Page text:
VechainThor & Biological Fuel Cells - Cutting Edge Biotech To Transform Sustainability Landscape; Editorial By Steering Committee Member Professor Qi Ge
The following is an editorial by vechain Steering Committee member, Lecturer, physicist and 2D Materials researcher, Professor Qi Ge.
Prof. Ge’s pioneering research is unlocking the exciting world of 2D materials that, in combination with the VechainThor blockchain, are offering new ways to transform technology, global infrastructure and address common challenges we face in our transition to a truly sustainable economy.
Sustainable solutions will undoubtedly dominate our technology in the near future. Electricity generated from renewable sources (such as wind, tidal waves, solar power, geothermal, etc.) which do not consume mineral resources; electric and hydrogen vehicles, which do not emit greenhouse gases; more efficient computers, appliances, and other utilities, which reduce the overall energy consumptions.
But more and more often we can hear the questions on how green actually are our green technologies. Hydrogen production by the electrolysis of water needs new catalysts — causing a boost in extraction of certain elements (like platinum) from the Earth’s crust. Electric cars require lithium batteries — meaning increase in consumption of this element as well.
Battery manufacturing plants are now growing across the globe in large numbers, a fast also increasing the environmental impact of green tech. Wouldn’t it be nice, if our sustainable solutions could be grown just like flowers? Just imagine, you plant a seed of a battery, and there growth a tree with USB connectors to charge your phone. Well, this is of course a dream, but not that far fetched when we look to nature.
In fact, there are bacteria, which can produce electricity during their life-cycles. They require to donate electrons during their metabolism. Consuming sugar (most commonly lactose — the sugar which can be found in milk) these bacteria emit electrons as part of their every-day activity. All we need to do is to capture those electrons and start using those for our applications.
The trick is — how to capture electric current from each individual bacteria? Bacteria are very small — just a couple of micrometers in size (for comparison, human hair is 50–70 micrometers in diameter). It is impossible to wire every single one of them. We need some smart, nanotechnological solution to provide anchoring points where bacteria would go by themselves and donate electrons.
Quite a complicated task at the boarder between biology, chemistry, physics and material science. Nanotechnological solution One of the possible solutions is graphene network. Graphene is the thinnest (only one atom thick) material, which is also a very good conductor of electricity. In addition it consists only of carbon atoms, which makes it environmentally friendly, strong and relatively low-cost.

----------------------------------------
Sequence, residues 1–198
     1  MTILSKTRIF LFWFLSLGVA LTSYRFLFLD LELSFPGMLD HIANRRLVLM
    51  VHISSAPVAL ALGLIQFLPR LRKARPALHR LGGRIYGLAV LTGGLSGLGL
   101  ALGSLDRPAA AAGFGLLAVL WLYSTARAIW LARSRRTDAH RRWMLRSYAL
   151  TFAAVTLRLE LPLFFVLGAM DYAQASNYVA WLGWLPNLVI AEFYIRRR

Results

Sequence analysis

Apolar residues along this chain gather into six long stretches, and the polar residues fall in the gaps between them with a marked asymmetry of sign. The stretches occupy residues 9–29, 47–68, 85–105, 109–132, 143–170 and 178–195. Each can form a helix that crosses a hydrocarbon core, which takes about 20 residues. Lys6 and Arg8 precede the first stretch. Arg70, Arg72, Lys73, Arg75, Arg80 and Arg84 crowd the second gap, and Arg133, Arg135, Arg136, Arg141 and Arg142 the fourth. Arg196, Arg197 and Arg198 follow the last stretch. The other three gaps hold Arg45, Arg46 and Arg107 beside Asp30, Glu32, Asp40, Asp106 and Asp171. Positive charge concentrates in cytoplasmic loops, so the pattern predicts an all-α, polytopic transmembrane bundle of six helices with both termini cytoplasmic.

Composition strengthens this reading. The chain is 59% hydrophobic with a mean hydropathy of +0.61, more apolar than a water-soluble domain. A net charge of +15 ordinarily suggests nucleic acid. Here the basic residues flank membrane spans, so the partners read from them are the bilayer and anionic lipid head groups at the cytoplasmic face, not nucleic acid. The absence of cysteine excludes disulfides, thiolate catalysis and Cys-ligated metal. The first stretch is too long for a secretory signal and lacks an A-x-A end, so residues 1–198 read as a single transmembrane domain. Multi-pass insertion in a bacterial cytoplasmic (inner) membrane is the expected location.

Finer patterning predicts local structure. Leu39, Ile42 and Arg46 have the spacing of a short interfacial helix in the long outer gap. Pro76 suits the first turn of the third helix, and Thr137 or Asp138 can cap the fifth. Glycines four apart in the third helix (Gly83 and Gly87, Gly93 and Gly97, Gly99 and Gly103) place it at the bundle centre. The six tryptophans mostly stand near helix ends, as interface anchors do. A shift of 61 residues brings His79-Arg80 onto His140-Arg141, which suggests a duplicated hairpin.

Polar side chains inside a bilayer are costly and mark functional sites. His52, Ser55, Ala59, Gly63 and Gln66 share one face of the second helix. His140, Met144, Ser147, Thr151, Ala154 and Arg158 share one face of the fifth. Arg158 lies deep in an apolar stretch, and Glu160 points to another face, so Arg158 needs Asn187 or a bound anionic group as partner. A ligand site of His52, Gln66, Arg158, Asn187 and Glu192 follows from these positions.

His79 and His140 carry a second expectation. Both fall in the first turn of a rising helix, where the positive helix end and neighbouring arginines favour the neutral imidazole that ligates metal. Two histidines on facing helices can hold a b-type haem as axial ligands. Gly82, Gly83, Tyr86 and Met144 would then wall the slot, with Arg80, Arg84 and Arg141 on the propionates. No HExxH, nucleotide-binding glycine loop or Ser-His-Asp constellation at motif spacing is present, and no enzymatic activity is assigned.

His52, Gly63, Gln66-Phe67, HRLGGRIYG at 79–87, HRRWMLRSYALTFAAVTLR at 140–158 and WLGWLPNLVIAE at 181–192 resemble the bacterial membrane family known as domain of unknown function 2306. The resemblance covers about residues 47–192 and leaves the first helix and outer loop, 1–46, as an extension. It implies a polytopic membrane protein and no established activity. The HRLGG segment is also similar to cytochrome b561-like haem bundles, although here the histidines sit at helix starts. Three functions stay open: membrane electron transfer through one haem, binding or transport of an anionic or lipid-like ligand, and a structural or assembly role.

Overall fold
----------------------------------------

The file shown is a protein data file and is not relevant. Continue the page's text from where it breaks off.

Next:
Its ultimately low thickness sets it ideally for the role of wiring of individual bacteria. All we need to do is to create something like graphene sponge — a network of interconnected graphene crystals separated by voids of few micrometer in size. These voids would be needed to accommodate individual bacteria, help them to multiply and migrate across of such sponge.
Bacteria —Nature’s Generators
There is however, one more complication: it would sound surprising, but bacteria are rather demanding creatures. They require quite specific conditions to live in. If we want them to donate their electron to the particular electrode — we need to make this electrode in such a way, that bacterial actually like it. Bacteria should want to attach to it, grow on it, donate an electron and be able to multiply.
Luckily scientist do know how to satisfy the most demanding requests of any bacteria by grafting the surface of graphene with special chemical groups which make the bacteria happy to contribute their electrons to the harvested electric current. Grow, rather than manufacture. The major beauty of such solution is that we actually don’t need even to talk about the battery production.
If the conditions are right — we will simply grow our batteries. (In fact, it is not even batteries, as we don’t need to charge them. Such systems would work as fuel cells — we put sugar in and we get electricity out.) You have your graphene sponge scaffolding of the required shape, you put one bacteria inside, give it some lactose and it will start to multiply by itself, increasing electric current at the output. The beauty of this solution is that one can grow such battery anywhere and anytime.
There are downsides of such solutions as well. As we mentioned before, as many leaving creatures, our bacteria can be a bit capricious and demanding. Sometimes they are very stable, but sometimes the smallest changes in temperature, acidity, illumination would suddenly send the whole colony out of control.
One would require a smart system, as for instance built on VechainThor blockchain, to monitor several of such fuel cells, regulating the current we withdraw from them, allowing those bacteria to grow peacefully, at their own pace. Such smart systems would also be able to be connected to the global grid, contributing to the overall sustainability efforts.
vechain, headquartered in San Marino, Europe, is the curator of VechainThor, a world-leading smart contract platform spearheading the real-world adoption of blockchain technology.
By leveraging the capabilities of ‘trustless’ data (information without intermediaries), smart contracts, and IoT technologies, VechainThor has enabled solutions across a wide array of fields. Vechain now turns its attention to the greatest challenge of all — building digital ecosystems to drive sustainability and digital transformation at global scale.
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